Issue short term topic bans to editors who are too battlegroundish, are POV pushing in their editing, or are even refusing to compromise and impeding article improvement when discussing on the talk page.
I'm not sure about this exactly as phrased. A more liberal use of page (as opposed to topic) bans might be worth considering as well as or instead of this as a short-term, easily-enforceable solution. HJ Mitchell | Penny for your thoughts? 18:38, 5 November 2010 (UTC)
I'm assuming "page bans" is meant here rather than the overall topic of P-I, as each article is a topic unto itself. This has worked in the past, but requires involvement from multiple administrators to deal with the inevitable appeals from the bannee. ~Amatulić (talk) 18:14, 8 November 2010 (UTC)
Admins are to proactively enforce arbpia, without waiting for a complaint or enforcement request.
The reason there are AE requests is because it's a game: participants don't have the good of the encyclopedia in mind, but rather the good of their "team"; they aren't interested in arbitration enforcement, they're interested in removing an opponent. Proactive enforcement would mean no need for these "gotcha" games at AE, thus allowing more focus on editing. RamiR 20:51, 6 November 2010 (UTC)
This is a good idea, but obviously would be very time consuming. PhilKnight (talk) 17:18, 7 November 2010 (UTC)
It's very unlikely that we will get enough admins in AE to make this practical. There is no way we can review every single edit (that's arbcom's job). T. Canens (talk) 08:53, 8 November 2010 (UTC)
Support — I thought ArbCom enforcement was one of our jobs as administrators anyway. ~Amatulić (talk) 18:14, 8 November 2010 (UTC)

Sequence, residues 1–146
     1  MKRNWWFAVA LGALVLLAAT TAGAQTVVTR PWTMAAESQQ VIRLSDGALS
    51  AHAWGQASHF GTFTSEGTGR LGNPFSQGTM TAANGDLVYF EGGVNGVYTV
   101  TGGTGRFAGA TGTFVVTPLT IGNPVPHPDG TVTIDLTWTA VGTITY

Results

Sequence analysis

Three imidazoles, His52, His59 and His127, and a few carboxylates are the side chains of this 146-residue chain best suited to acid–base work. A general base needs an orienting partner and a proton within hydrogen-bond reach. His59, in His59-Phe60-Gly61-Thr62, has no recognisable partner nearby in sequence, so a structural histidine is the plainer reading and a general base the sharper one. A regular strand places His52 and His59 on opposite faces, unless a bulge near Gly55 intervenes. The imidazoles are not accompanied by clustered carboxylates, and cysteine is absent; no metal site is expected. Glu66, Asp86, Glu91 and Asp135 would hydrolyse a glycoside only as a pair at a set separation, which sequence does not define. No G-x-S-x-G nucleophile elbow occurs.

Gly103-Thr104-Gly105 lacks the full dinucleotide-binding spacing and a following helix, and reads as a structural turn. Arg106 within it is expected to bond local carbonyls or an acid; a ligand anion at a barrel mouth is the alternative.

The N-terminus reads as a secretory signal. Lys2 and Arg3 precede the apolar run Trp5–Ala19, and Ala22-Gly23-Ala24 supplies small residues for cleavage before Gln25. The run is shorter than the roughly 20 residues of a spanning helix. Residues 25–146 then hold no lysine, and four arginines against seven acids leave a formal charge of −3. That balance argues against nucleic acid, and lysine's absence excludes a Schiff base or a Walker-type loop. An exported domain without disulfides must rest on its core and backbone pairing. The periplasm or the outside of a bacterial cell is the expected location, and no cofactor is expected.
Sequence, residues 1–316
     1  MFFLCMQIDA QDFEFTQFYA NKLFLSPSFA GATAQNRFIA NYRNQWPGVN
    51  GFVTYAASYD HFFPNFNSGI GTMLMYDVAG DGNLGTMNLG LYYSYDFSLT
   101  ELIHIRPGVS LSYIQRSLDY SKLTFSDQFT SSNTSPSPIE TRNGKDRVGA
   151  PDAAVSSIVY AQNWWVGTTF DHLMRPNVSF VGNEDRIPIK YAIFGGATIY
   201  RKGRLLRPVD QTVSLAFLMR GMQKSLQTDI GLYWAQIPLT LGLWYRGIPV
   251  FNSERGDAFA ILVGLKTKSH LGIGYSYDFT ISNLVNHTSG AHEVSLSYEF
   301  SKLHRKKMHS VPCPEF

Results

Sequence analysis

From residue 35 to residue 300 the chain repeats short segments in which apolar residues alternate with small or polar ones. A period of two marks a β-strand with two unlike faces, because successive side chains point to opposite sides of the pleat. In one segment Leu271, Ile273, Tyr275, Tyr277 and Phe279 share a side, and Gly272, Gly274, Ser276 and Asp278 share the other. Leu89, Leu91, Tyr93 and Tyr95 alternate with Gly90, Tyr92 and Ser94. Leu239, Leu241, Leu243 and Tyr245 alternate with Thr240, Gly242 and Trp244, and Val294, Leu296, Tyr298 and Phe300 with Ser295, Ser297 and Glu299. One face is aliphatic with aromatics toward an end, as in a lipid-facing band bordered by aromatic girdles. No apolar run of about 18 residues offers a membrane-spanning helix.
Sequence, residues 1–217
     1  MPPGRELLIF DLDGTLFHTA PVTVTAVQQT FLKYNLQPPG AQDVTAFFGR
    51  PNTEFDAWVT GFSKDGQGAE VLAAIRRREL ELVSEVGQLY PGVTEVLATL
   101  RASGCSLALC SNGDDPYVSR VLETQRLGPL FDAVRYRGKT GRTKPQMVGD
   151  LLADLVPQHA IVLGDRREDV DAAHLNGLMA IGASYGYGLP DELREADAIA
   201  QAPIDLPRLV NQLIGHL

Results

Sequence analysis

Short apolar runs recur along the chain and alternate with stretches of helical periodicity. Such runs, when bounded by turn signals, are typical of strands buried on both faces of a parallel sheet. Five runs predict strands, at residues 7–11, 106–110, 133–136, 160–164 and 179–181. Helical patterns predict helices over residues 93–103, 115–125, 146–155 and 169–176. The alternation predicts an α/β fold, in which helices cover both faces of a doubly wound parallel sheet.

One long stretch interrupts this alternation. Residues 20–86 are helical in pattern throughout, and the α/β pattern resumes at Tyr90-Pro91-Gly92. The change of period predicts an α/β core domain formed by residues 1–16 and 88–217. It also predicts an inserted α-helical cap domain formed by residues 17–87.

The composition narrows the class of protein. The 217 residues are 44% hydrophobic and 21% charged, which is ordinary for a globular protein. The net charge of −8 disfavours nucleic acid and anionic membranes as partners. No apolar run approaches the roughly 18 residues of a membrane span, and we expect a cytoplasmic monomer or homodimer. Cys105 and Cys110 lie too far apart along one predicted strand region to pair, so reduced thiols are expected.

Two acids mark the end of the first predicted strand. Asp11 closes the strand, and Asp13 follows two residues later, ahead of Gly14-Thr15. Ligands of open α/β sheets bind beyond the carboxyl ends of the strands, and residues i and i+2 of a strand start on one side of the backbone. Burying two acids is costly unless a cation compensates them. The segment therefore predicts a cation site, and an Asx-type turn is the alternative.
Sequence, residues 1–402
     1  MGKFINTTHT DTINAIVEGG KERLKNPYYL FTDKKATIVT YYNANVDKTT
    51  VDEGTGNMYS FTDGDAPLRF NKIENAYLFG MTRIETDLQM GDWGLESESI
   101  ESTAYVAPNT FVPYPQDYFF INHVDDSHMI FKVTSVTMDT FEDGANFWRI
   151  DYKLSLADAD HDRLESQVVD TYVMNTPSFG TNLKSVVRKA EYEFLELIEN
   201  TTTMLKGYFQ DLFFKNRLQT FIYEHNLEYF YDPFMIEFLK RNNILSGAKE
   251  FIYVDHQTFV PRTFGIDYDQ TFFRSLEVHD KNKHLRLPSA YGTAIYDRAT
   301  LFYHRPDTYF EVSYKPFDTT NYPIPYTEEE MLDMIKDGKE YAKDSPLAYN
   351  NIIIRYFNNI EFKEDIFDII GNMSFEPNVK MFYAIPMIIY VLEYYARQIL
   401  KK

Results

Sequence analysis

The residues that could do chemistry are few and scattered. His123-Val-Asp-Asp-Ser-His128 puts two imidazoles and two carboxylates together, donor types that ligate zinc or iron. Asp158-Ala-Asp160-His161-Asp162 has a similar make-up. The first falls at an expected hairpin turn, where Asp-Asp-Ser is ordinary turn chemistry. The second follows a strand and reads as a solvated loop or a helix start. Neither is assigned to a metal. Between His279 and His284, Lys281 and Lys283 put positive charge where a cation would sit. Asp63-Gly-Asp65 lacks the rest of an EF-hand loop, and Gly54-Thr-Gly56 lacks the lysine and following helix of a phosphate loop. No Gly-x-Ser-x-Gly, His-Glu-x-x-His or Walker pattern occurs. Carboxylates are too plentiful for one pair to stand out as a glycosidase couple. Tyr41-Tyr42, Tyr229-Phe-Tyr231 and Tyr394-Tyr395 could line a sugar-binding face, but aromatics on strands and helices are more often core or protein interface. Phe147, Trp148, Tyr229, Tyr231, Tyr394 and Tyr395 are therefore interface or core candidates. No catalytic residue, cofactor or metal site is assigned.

Well, if you can get enough volunteers to do this, go ahead. Few admins are interested in AE, and even fewer have the time and energy necessary for a proactive system to work. T. Canens (talk) 22:18, 8 November 2010 (UTC)
Yes, you're right. I should have appended a smiley :) to indicate sarcasm in my "support" comment. ~Amatulić (talk) 17:50, 10 November 2010 (UTC)
Oppose. We don't have the time nor manpower to do this. A more pragmatic method of compensating for the serial gaming that plagues this topic area would be to routinely look at the conduct of the filing party in relation to the AE complaint submitted, in addition to the conduct of the subject of the complaint. AGK 17:38, 10 November 2010 (UTC)
The term "taking one for the team" comes to mind. RamiR 18:37, 10 November 2010 (UTC)
Let's think a bit more radically how to address the issue without punishing the good editors in this area, both current and potential. See also discussion on the talk page.
Semi-protect everything affected.
New editors may not enter the topic area until they have at least X edits elsewhere (eg X=500).
New editors with less than Y edits total are subject to 1RR (eg Y=1000).
Editor 1RR restrictions handed out at AE as appropriate.
Radical, would take a little thought to set up with article/user talk templates etc and then for people to get used to it... but it addresses the socking issue, doesn't punish good editors with article 1RR, and prevents new editors getting involved in this contentious topic without a bit of experience in editing Wikipedia, which in the long run is better for everyone. It's also relatively simple to enforce, and a lot of the heavy lifting doesn't require admins or AE since determining number of edits is non-contentious. An edit made by a non-eligible user would probably be treated as edits by a banned user, which is to say, it could be undone with minimal justification beyond the explanation of being ineligible, but any eligible user can redo the edit, taking responsibility for it. Talk page involvement would have to be permitted, but perhaps slightly discouraged. Rd232talk 10:08, 8 November 2010 (UTC)
Support, what is most important here is that "new" accounts/IPs without enough edits cant enter the topic area, this will stop many socks. --Supreme Deliciousness (talk) 10:25, 8 November 2010 (UTC)